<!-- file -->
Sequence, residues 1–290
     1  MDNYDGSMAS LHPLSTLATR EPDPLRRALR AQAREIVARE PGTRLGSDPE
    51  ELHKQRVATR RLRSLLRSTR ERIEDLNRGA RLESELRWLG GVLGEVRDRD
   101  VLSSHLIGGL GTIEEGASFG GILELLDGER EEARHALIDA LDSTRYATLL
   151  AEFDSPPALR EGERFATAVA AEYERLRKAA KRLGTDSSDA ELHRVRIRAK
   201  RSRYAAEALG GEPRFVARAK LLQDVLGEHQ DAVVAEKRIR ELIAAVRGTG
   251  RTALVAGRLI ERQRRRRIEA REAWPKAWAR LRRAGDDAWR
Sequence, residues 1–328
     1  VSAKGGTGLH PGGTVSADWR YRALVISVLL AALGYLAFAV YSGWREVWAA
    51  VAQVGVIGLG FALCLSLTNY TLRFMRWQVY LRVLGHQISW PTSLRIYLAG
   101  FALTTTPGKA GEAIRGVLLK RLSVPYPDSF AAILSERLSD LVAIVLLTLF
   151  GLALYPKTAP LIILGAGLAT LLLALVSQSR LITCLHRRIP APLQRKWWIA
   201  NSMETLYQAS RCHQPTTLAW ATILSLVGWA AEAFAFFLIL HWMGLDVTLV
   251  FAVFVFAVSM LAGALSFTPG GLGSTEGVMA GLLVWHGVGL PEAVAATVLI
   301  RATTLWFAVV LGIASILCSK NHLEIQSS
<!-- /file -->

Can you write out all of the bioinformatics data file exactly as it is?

Sequence, residues 1–290
     1  MDNYDGSMAS LHPLSTLATR EPDPLRRALR AQAREIVARE PGTRLGSDPE
    51  ELHKQRVATR RLRSLLRSTR ERIEDLNRGA RLESELRWLG GVLGEVRDRD
   101  VLSSHLIGGL GTIEEGASFG GILELLDGER EEARHALIDA LDSTRYATLL
   151  AEFDSPPALR EGERFATAVA AEYERLRKAA KRLGTDSSDA ELHRVRIRAK
   201  RSRYAAEALG GEPRFVARAK LLQDVLGEHQ DAVVAEKRIR ELIAAVRGTG
   251  RTALVAGRLI ERQRRRRIEA REAWPKAWAR LRRAGDDAWR
Sequence, residues 1–328
     1  VSAKGGTGLH PGGTVSADWR YRALVISVLL AALGYLAFAV YSGWREVWAA
    51  VAQVGVIGLG FALCLSLTNY TLRFMRWQVY LRVLGHQISW PTSLRIYLAG
   101  FALTTTPGKA GEAIRGVLLK RLSVPYPDSF AAILSERLSD LVAIVLLTLF
   151  GLALYPKTAP LIILGAGLAT LLLALVSQSR LITCLHRRIP APLQRKWWIA
   201  NSMETLYQAS RCHQPTTLAW ATILSLVGWA AEAFAFFLIL HWMGLDVTLV
   251  FAVFVFAVSM LAGALSFTPG GLGSTEGVMA GLLVWHGVGL PEAVAATVLI
   301  RATTLWFAVV LGIASILCSK NHLEIQSS